# Thread: Geometric Series or Complex Polynomial

1. ## Geometric Series or Complex Polynomial

Before I post the problem I should check that this is being posted in the right forum. Not being a mathematician myself I am not even certain of the area of maths I should be posting the question. Some say the solution would be solved with a complex polynomial and others say it is a variation on a geometric series). Apologies if this is in the wrong forum and would you kindly point me to the right one.

In non mathematical terms here is the problem. I have clients who ask me to calculate a return on their investment from existing pension portfolios. The inputs I usually receive are the dates of lump sums invested and amounts and the dates of regular monthly sums invested, their respective dates and amounts. Then I look up the current value and want to try to figure out what the return or ever something resembling a best estimate of a return would be.

example case
a) Lump sum invested in December Jan 2011 of £55,186 plus
b) Regular monthly contributions made since Jan 2011 amounting to £64,220. Monthly contribution amounts have varied between £1394 per month and £1878 per month.
c) Total value of contributions is a+b (£120,036) however b has been invested over a period of time.
d) Value today is £149,000

I would be happy taking average value of monthly contributions as a guide if that would make the problem easier to solve.

Any help would be appreciated.

2. ## Re: Geometric Series or Complex Polynomial

To find the "rate of return", I assume you want the average rate of return (as market fluctuations continuously change the instantaneous rate of return). Assume it is a constant interest rate. Assume it is compounded monthly. Now, this is a problem we can solve. Set it up like you are calculating compound interest. Let's say the client invests for $n$ months. Let's say $p_k$ is the amount the client invests in month $k$. So, $p_0$ is the principle investment: £55,186. The total value (after compounding interest) would be:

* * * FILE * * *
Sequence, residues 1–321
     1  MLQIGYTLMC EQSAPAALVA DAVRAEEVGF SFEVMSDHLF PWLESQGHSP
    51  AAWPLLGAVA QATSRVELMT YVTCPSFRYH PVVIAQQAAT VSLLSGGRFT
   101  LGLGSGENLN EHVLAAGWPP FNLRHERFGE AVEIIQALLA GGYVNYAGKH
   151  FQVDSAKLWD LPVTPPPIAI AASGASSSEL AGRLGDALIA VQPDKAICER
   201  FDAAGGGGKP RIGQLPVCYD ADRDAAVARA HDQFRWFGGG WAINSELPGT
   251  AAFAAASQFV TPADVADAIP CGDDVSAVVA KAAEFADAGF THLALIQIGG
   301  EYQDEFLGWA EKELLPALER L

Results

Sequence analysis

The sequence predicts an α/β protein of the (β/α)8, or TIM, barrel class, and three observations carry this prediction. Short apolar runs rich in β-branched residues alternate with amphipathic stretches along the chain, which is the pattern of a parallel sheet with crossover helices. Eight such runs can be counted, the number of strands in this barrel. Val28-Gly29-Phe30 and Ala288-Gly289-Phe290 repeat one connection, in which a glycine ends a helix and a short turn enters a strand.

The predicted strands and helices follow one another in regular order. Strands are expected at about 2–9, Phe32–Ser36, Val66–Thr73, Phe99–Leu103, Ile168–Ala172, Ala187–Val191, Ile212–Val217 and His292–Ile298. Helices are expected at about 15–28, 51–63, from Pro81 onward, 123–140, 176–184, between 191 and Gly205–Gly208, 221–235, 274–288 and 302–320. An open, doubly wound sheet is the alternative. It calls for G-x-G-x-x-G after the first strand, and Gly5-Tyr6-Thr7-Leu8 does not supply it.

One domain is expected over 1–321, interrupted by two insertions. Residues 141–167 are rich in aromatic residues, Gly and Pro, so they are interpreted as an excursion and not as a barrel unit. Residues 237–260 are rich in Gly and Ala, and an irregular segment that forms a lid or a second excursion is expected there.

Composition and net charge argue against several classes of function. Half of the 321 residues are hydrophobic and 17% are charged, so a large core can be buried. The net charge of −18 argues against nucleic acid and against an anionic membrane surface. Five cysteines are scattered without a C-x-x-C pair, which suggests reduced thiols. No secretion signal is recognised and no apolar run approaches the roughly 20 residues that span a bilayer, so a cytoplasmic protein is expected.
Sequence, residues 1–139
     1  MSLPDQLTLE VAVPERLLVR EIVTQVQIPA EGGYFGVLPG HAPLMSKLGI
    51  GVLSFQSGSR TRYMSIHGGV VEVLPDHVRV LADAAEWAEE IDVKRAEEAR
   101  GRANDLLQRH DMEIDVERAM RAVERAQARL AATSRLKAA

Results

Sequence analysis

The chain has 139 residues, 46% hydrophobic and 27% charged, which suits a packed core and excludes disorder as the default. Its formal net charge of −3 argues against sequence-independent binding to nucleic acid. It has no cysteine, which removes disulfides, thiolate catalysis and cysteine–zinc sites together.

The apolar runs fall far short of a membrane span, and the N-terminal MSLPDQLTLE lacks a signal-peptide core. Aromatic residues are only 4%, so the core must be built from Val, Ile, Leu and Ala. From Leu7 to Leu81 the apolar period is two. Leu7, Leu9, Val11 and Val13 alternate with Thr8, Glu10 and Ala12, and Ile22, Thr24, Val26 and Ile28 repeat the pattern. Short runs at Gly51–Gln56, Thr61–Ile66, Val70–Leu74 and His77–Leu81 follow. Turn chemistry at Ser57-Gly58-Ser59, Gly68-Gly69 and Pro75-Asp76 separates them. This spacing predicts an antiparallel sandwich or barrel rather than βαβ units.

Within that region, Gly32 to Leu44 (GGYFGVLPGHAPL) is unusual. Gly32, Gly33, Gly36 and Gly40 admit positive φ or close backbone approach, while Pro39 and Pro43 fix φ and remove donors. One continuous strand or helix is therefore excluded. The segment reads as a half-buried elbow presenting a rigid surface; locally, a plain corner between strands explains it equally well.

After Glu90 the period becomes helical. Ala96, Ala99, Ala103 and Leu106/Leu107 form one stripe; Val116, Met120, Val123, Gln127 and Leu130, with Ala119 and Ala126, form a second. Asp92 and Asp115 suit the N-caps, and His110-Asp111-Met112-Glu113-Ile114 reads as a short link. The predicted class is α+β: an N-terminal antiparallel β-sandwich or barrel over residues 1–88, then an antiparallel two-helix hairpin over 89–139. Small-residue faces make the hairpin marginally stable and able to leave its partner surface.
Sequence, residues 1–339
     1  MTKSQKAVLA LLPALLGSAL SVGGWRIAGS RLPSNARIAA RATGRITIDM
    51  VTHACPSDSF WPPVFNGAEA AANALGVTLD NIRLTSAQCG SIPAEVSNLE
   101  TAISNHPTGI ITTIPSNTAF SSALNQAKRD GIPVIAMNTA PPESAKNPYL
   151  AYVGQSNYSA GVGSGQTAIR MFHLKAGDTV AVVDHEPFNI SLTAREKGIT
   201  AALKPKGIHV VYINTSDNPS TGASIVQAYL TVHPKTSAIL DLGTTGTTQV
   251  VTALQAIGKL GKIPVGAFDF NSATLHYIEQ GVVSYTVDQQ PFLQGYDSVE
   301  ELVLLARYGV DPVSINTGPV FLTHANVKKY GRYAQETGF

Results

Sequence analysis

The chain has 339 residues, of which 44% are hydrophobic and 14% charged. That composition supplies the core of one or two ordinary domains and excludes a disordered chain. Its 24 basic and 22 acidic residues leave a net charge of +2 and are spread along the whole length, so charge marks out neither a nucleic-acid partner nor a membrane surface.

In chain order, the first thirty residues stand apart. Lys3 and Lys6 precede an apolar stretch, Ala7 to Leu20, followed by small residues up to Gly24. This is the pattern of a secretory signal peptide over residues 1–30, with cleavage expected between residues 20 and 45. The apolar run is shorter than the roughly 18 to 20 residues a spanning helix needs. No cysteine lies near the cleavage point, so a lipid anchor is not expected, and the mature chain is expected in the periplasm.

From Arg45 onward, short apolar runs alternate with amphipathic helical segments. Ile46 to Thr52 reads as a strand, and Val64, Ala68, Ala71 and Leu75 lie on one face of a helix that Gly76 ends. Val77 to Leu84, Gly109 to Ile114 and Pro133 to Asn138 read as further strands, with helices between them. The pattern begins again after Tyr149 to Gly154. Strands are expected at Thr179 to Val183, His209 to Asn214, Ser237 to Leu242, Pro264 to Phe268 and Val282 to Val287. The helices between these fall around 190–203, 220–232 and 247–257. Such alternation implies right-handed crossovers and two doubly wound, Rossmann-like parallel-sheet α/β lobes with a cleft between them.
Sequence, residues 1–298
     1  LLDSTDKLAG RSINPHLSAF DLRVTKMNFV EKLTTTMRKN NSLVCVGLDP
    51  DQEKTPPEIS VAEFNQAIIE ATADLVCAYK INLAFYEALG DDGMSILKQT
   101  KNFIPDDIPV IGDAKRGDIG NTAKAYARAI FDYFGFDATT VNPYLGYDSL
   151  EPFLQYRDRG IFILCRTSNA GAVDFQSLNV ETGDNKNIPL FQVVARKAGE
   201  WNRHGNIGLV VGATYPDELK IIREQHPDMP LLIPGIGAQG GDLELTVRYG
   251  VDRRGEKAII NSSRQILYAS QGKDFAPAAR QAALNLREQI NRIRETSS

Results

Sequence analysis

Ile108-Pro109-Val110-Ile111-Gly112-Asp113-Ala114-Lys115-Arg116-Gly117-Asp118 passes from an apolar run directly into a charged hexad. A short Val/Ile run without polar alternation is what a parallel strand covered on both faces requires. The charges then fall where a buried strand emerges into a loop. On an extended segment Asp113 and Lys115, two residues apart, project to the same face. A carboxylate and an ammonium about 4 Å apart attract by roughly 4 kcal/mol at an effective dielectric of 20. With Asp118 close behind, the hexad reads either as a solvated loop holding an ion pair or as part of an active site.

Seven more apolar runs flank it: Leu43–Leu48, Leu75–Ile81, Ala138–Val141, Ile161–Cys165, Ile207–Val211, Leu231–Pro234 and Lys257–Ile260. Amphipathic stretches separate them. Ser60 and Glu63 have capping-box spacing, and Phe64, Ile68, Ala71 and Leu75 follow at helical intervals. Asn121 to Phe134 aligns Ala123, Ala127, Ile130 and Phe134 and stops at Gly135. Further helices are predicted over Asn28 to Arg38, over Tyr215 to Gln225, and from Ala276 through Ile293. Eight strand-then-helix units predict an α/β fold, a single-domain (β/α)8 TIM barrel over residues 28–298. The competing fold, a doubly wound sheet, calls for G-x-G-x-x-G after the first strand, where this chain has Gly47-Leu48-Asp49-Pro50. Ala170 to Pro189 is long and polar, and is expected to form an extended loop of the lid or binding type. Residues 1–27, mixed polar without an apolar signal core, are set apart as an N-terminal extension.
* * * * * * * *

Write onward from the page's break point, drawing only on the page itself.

$\sum_{k=0}^n p_k\dfrac{\left(1+\dfrac{i}{12}\right)^{n-k}-1}{\tfrac{i}{12}} = £149,000$

So,
$\sum_{k=0}^n p_k\left(1+\dfrac{i}{12}\right)^{n-k} = \dfrac{149,000i}{12}+120,036$

As some have told you, this would involve solving a complicated polynomial (the variable I am using is $i$, which is "annual interest", or annual rate of return). However, there are techniques for solving complicated polynomials that take relatively very little time (especially when you know the approximate range for zeros of the polynomial).

Alternately, if you use the average monthly contribution, then you can simplify the problem slightly to:

$p_0\left(1+\tfrac{i}{12}\right)^n+p_{avg}\sum_{k=1 }^{n}\left(1+\tfrac{i}{12}\right)^{n-k} = \dfrac{149,000i}{12}+120,036$
The LHS simplifies to this:

$p_0\left(1+\tfrac{i}{12}\right)^n+p_{avg}\dfrac{ \left( 1+\tfrac{i}{12} \right)^n - 1 }{ \tfrac{i}{12} } = \dfrac{149,000i}{12}+120,036$

This is a simpler polynomial, but will still require a computer algebra system to solve.

3. ## Re: Geometric Series or Complex Polynomial

I think I need a bit of time to understand what is going on here. thank you for your reply. I was advised to post the question on business maths and am also looking at whether this can be done with excel using IRR formulas.

If I had to choose the method it would be excel however I have no way of checking the answers once excel comes up with an answer. Here is what I posted in the business maths section

Date Payments
Mar-14 £1,879
Feb-14 £1,879
Jan-14 £1,879
Dec-13 £1,879
Nov-13 £1,879
Oct-13 £1,879
Sep-13 £1,879
Aug-13 £1,879
Jul-13 £1,879
Jun-13 £1,746
May-13 £1,746
Apr-13 £1,746
Mar-13 £1,746
Feb-13 £1,746
Jan-13 £1,746
Dec-12 £1,514
Nov-12 £1,514
Oct-12 £1,514
Sep-12 £1,514
Aug-12 £1,514
Jul-12 £1,514
Jun-12 £1,514
May-12 £1,514
Apr-12 £1,514
Mar-12 £1,514
Feb-12 £1,514
Jan-12 £1,514
Dec-11 £1,401
Nov-11 £1,401
Oct-11 £1,401
Sep-11 £1,401
Aug-11 £1,401
Jul-11 £1,401
Jun-11 £1,401
May-11 £1,401
Apr-11 £1,401
Mar-11 £1,394
Feb-11 £1,394
Jan-11 £1,394

I will ask a friend to help me out with the calculations.